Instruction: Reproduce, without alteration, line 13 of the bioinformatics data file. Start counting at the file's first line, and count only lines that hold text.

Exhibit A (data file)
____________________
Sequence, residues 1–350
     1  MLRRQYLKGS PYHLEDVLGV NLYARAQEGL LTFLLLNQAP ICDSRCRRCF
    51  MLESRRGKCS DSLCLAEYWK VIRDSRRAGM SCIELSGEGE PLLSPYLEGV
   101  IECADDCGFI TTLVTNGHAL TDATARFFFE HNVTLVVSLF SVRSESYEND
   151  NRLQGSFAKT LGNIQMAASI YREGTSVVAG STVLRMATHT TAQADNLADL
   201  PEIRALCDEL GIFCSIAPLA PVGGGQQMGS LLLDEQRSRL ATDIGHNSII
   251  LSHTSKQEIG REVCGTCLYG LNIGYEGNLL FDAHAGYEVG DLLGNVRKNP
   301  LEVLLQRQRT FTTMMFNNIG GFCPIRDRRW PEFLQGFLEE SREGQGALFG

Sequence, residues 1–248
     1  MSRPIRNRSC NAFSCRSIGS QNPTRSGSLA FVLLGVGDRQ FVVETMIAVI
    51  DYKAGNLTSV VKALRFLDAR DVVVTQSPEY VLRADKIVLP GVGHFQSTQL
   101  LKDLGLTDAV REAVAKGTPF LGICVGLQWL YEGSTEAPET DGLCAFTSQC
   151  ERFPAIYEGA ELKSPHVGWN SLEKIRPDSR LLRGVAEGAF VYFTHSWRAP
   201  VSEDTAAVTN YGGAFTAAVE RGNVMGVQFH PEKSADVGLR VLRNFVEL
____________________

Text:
   151  ERFPAIYEGA ELKSPHVGWN SLEKIRPDSR LLRGVAEGAF VYFTHSWRAP